The recent case of Mishael al-Bayan, wife of a Saudi prince allegedly abusing her Kenyan maid in Orange County, has brought to light once again the issue of the maid culture in Saudi Arabia.
One wonders why such a culture exists at all. Apparently, after the first oil boom in 1973, wealthy Saudis began to import maids from Arab countries, and later from Africa and Asia to help out with household chores. Maids became a symbol of social standing among the rising middle classes whose newly educated women decided to take up jobs as well.
However, the Saudi society revolved around the family and age old customs of hospitality which still form an intrinsic part of this country’s rich heritage. Therefore, it became imperative for working women to have someone take care of the home while they were away. As Saudi Arabia’s fortunes changed for the better, the maid culture flourished and it has become a veritable feature of Saudi society today.
However, several cases of maid abuse in and outside the Kingdom have emerged over the past few years bringing a lot of negative publicity to the country. Maids have run away, committed suicide by leaping from the tall buildings which house them, been accused of witchcraft and sorcery, tortured and even murdered.
In revenge, perhaps, maids have vented their anger on the wards under their care. There have been instances of shaking a six-month old so badly that she had to be admitted to intensive care; cases of banging children’s heads and even killing them. In some cases, children’s parents have also been assaulted.
Maids have been found in all sorts of places and conditions: cooped up in the back of cars like goats; carrying heavy cooking gas cylinders up the stairs; monitoring spoilt brats and sometimes even children with special needs (maids are generally not trained to deal with the latter) while their own children languish back home.
And then there are those whose decomposing bodies have been discovered in forgotten attics, or dropped off at hospitals by their sponsors, with festering sores, abandoned and helpless. They have been tied up in bathrooms and starved. Sometimes, they have been bound up so tightly that their limbs have developed gangrene and have had to be amputated. Many a maid has lost not only her dignity but also the ability to lead a normal life. She leaves the Kingdom sans money, respect and possibly sans a future at home.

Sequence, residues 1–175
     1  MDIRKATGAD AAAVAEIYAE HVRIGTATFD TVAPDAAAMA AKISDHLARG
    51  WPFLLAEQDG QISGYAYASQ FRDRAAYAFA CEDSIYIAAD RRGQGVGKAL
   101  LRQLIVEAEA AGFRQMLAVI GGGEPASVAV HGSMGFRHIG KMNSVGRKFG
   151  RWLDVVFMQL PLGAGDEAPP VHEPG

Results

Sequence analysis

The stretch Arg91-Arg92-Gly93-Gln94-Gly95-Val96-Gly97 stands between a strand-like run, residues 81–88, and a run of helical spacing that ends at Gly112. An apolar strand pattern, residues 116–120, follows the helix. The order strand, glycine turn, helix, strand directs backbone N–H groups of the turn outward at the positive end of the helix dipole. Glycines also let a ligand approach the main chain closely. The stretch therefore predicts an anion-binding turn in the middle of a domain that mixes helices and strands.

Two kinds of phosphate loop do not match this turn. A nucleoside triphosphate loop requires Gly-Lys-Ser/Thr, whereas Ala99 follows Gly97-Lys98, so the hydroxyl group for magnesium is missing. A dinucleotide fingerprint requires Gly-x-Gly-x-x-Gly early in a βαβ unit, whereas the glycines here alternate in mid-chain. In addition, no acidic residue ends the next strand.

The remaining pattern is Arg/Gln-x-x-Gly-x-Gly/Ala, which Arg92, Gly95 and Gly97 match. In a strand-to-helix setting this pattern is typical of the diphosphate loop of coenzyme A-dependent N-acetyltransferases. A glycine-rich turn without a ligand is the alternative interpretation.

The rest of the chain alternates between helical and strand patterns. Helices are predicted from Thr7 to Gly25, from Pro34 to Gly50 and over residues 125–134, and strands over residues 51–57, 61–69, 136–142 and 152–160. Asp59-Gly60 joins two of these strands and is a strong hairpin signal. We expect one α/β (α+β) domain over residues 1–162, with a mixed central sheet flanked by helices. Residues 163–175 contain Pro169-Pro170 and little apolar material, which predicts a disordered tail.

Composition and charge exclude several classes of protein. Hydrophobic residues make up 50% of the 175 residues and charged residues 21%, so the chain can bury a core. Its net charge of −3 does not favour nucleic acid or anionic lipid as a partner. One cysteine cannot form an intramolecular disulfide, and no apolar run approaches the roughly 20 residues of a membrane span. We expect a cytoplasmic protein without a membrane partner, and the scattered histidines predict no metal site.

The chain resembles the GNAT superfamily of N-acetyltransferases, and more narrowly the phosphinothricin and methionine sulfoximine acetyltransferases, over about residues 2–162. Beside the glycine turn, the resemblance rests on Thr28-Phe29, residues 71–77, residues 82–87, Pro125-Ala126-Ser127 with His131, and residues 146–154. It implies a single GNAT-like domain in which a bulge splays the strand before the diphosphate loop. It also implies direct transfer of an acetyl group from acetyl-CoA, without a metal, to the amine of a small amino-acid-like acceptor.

But the Kingdom’s flourishing economy continues to attract maids from Asian and African countries. There is a lucrative trade in women and children being brought to the Middle East from these continents and there are fears that some never reach their sponsors but are instead being employed in the heinous crime of trafficking.
Their governments, too, encourage the migration of maids for the foreign remittances they send home. Often, abused maids do not have access to justice or any court of appeal except, perhaps their embassies, which in most cases do not take a tough stand on these issues.
Owing to the bad press that the kingdom has received in the past few years, the Saudi government has taken several steps to review and reconsider its laws for hiring maids and introduced new, more stringent laws and rules to protect the rights of foreign domestic workers.
In June this year, the Philippines said that it had signed a landmark agreement with Saudi Arabia that would prevent the exploitation of thousands of Filipina maids. More than 2 million domestic servants, mostly from Indonesia, Sri Lanka and Africa, work in Saudi Arabia alone.
Mishael al-Bayan was able to bail herself out of the scandal in the US. But the stark fact remains that as long as the maid culture persists, the kingdom will find itself under the media glare and invite unwelcome attention. After all, everything comes at a price; and there are some things money simply cannot buy.
- Ozma Siddiqui teaches English and is an Indian writer and social critic based in Saudi Arabia.